The language is meant to be simple and natural, an application of pre-Raphaelite principles to poetry. it therefore verges on the sentimental.

In the final stanza, the speaker uses parentheses to insert his factual declaration of sensation: I saw her smile, I heard her tears. That this enters parenthetically points to subordination of these sensory aspects to a form that flattens sensation, impression, reflection, etc. Sensation would rupture the poetic contract that keeps the real and the aesthetic in two distinct realms.

Gerard Manley Hopkins – Poems

Hopkins died before most of his poems were published. Not until 1918 did his friend Robert Bridges come out with an edition that includes what are considered his greatest works, those written between 1876 and his death in 1889. In the Preface to that collection, Hopkins described the difference between running rhythm (common rhythm) and sprung rhythm–the latter being more natural because closer to speech–it is identifiable by stresses coming together. Pure sprung rhythm cannot be counterpointed. The claim for its naturalness derives from the argument that the impulse (in all but the most “same and tame” poems) to invert and vary something like iambic pentameter eventually leads to sprung rhythm.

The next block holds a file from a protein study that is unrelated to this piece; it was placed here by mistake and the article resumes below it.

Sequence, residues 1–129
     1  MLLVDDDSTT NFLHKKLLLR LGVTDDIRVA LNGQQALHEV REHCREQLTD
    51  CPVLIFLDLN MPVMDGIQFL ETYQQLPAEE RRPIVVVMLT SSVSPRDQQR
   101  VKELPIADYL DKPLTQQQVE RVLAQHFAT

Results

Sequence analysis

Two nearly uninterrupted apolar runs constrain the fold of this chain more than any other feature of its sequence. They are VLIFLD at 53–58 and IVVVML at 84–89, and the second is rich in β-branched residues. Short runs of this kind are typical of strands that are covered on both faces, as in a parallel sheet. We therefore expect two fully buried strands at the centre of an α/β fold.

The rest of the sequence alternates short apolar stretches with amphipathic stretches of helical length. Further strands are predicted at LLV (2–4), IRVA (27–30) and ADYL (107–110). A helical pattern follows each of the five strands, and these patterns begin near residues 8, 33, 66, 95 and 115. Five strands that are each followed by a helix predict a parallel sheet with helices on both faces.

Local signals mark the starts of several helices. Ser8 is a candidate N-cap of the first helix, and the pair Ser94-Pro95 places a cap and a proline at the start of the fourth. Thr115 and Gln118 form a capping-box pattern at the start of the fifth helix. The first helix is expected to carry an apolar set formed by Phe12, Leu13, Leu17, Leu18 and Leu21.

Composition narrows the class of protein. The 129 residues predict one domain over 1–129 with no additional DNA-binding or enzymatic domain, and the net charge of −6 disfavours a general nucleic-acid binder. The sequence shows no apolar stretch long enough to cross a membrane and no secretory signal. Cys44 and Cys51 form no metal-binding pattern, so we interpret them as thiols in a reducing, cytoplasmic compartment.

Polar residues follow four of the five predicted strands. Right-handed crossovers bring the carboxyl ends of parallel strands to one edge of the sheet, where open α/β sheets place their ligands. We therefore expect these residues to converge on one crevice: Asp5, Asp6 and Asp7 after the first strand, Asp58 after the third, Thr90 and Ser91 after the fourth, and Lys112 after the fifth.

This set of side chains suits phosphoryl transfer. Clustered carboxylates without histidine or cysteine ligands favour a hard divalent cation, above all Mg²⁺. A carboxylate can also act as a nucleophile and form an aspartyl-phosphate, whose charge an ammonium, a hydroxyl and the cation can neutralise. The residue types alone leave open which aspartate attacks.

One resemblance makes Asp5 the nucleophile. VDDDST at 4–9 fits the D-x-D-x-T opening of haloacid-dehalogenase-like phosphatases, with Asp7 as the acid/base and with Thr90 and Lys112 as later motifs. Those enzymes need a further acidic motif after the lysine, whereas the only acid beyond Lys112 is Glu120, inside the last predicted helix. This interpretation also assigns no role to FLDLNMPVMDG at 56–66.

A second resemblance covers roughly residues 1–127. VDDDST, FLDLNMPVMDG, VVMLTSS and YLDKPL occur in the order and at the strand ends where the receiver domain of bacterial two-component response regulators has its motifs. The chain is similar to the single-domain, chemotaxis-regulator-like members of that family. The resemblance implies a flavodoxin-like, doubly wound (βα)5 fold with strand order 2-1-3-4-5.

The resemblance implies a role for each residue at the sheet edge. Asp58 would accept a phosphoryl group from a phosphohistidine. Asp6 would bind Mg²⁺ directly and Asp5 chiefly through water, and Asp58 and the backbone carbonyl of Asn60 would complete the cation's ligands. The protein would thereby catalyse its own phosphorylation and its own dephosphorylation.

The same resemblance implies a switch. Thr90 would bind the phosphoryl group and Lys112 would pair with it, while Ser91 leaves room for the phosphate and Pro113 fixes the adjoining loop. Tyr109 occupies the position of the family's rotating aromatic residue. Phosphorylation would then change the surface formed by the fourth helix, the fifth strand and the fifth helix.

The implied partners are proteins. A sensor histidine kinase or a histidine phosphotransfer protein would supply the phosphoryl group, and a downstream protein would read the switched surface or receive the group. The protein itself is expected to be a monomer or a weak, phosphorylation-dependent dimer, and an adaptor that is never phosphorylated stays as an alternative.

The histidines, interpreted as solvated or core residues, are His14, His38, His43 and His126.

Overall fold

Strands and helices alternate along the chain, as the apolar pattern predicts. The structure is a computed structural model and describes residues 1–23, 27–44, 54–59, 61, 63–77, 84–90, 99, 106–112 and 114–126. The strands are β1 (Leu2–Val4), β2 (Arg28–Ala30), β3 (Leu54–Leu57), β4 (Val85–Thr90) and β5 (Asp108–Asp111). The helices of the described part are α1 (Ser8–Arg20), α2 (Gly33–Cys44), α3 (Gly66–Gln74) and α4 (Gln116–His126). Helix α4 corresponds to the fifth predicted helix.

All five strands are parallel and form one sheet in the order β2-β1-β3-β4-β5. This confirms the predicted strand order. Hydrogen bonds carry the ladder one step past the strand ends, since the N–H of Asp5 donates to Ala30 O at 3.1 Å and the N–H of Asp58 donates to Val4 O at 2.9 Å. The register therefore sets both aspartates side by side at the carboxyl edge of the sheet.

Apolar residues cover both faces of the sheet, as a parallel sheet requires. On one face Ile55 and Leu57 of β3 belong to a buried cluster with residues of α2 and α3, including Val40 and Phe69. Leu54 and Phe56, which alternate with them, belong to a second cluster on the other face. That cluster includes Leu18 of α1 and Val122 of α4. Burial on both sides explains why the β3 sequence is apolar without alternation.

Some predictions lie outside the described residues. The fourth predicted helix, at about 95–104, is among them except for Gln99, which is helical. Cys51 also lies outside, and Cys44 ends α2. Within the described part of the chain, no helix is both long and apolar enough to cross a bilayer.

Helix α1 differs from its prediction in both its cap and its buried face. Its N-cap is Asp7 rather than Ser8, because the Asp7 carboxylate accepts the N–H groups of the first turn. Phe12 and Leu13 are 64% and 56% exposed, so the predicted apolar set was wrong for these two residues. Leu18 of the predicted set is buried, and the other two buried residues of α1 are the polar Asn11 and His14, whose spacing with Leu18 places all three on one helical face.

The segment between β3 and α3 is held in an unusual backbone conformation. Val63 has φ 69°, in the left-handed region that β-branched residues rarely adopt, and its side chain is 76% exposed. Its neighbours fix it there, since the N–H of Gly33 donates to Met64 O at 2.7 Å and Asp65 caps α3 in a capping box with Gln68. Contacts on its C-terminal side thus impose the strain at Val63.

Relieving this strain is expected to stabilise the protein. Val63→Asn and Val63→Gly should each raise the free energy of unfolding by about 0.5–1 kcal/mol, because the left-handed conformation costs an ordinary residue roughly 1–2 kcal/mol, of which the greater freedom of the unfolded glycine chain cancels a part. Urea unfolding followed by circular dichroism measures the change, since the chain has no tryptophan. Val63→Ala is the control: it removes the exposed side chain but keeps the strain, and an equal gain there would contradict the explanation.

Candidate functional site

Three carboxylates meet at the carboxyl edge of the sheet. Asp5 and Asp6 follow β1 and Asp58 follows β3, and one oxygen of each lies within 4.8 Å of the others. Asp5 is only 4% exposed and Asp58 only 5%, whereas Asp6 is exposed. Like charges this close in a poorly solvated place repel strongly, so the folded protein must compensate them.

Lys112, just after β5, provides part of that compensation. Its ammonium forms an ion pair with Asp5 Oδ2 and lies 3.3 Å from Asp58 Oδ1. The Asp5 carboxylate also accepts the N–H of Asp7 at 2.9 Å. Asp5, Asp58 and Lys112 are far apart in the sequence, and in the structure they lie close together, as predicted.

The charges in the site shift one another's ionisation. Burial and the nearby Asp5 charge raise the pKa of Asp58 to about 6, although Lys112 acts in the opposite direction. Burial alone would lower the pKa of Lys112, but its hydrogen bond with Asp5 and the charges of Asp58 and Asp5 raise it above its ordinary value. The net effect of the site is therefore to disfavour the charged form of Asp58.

The most sustained example is “The Wreck of the Deutschland,” a poem comprised of 35 8-line stanzas, with alternating rhymes, and varying length. In the fifth stanza he introduces the crucial idea of instress, which is able to translate in its wholeness the “inscape“: that which makes some individual thing beautiful:

Since, tho’ he is under the world’s splendour and wonder,
His mystery must be instressed, stressed;
For I greet him the days I meet him, and bless when I understand.

The poem as a whole is a meditation on the experience and meaning (perhaps lack of meaning) of divine violence. He correlates the inexplicable wreckage of a ship full of nuns with the brutal ascetic requirements of religious devotion:

Thous art lightning and love, I found it, a winter and warm;
Father and fondler of heart thou hast wrung:
Hast thy dark descending and most art merciful then.